By continuing to browse this site, you accept the use of cookies for analysis purposes and to make it easier to visit this site. Accept

de page



Plexus comes from the late period Latin and means « intertwining ».  Later on, the ordinary sense of the term used in the context of anatomy meant « the network of nerves or blood vessels ».  The very definition of the word refers to the muscles’ inner mechanics : the impulses from the nervous system and the flow of oxygenated blood, as well as the external mechanics of dance : intertwinings of movements, driftings, bodies and body parts.

The way I intended to portray Kaori Ito mostly implied portraying her body.  I’m not interested in an anatomical study, but in the memory of a body substantially shaped by dance ;  I care about the innermost marks her art has carved in her living body.  How has her every cell taken part in this wonderful network of muscle tissue ?  How has dance shaped, sculpted, and eventually expanded or crippled her innerspace ?  Kaori Ito has worked with many different choreographers, each of them having singular, sometimes opposed, sets of aesthetics.

She has been subjected to opposite influences, she has been caught and torn between various artistic choices.  These strained have crossed her body.  The external entity of dance has entered her. Plexus deals with this dialogue between Kaori’s innerworld and the outside world. Isn’t this dialogue one of the quintessential features of the universal human experience ?  Is this dialectic the architect of our innerself ? or is it the hub of our frailties?


With this upcoming project, my wish is to continue with the series of women portraits that began in 2008 with Stephanie Fuster in Questcequetudeviens ?. Yet again, I opted for a dancer as my model : the Japanese Kaori Ito. My aim is to tackle dance as an intimate assessment of the innermost self. Once more I will rely on the work and the artistic career of the dancer ; with Kaori Ito, as it was already the case with Stéphanie Fuster, her path can be explored in the light of its various displacements.

Kaori Ito was born in Japan. That’s where she became a dancer, she then pursued her training in New York, and finally arrived in Europe where she has worked with renown choreographers like Angelin Preljocaj, Philippe Decouflé, James Thierrée and Alain Platel. She settled down in Paris, and has since experimented distance from home like a long-lasting, yet chosen path, in order to carry on with her dancing career.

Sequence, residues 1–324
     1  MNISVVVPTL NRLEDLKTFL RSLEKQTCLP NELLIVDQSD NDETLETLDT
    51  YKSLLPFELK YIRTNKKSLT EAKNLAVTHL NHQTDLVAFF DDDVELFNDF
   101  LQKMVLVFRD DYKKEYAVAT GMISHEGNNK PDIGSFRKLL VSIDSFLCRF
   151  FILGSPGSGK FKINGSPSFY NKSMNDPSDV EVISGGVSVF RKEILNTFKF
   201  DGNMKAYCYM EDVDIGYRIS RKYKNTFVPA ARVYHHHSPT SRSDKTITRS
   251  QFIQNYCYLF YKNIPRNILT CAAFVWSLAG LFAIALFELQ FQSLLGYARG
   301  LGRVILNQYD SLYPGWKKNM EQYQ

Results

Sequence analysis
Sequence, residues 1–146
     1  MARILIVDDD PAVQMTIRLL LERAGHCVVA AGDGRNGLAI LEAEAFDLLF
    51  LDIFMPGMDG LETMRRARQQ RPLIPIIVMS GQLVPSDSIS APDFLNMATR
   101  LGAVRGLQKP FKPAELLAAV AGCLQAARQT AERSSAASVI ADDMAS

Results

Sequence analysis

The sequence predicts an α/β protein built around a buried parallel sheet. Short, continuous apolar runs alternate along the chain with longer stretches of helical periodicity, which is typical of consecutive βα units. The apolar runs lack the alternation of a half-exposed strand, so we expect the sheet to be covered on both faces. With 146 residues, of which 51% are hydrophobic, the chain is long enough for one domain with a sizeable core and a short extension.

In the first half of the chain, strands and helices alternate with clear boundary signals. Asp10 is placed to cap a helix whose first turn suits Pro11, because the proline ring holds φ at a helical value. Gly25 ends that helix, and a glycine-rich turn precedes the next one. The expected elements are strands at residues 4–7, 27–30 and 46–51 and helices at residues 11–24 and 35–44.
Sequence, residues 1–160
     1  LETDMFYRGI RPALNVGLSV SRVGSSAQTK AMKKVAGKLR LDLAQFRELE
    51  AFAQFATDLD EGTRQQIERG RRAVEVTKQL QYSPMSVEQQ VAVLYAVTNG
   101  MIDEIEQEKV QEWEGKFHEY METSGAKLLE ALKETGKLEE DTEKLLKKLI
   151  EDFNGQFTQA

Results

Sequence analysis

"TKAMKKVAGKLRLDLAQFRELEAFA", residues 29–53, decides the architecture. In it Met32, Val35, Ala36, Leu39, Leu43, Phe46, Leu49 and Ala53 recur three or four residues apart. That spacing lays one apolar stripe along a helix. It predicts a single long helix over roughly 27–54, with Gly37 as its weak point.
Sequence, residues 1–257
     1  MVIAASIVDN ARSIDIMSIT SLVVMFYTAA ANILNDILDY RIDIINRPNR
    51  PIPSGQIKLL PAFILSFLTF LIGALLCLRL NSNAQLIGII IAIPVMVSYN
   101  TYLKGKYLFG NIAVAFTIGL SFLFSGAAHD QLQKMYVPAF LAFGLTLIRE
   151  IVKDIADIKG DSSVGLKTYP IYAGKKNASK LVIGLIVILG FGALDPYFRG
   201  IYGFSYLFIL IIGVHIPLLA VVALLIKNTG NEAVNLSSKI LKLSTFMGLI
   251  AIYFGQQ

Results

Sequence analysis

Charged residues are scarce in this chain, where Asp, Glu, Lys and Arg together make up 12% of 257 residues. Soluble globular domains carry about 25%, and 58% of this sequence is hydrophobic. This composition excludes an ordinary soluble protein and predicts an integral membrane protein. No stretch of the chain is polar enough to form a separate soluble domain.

Aurélien Bory

For hours I would stand quite still, my two hands folded between my breasts, covering the solar plexus.... I was seeking and finally discovered the central spring of all movement.

 Isadora Duncan

Our ancestors, forced to live in dark rooms, presently came to discover beauty in shadows, ultimately to guide shadows towards beauty's ends.

 Junichiro Tanizaki


Plexus casts a spell over the stage at Abbesses Theatre in Paris.
16 January 2014

A fine jewel of optical theatre which is a cross between magic, the art of puppetry and cinema.

A black hole, a forest, a cyclone. A woman, a puppet, a ghost. Plexus, a solo devised as a coming-of-age tale by stage director Aurélien Bory for Japanese dancer Kaori Ito, casts a spell over the stage at Abbesses Theatre in Paris. In the rain or dazzled by an electric light, we follow the journey of a woman who fights against the elements to, ultimately, become a more coherent part of them.

With Plexus, a hollowed-out portrait of Kaori Ito, Aurélien Bory produces a fine jewel of optical theatre which is a cross between magic, the art of puppetry and cinema. With a mobile stage and five thousand Nylon threads, the mirage takes shape. Under the bright lights, the show’s textures inverse and metamorphose. Hard becomes soft, the immobile suddenly gathers speed, and metal explodes into jets of light. The luxurious stage dressing and design of Plexus sometimes succeeds in suggesting an organic, cosmic environment, a hollow space in which the female character can also turn herself into wood or smoke. And it is at the crossroads of these universes – at first sight incompatible – that this show, almost a performance-installation, finds its incomparable charm.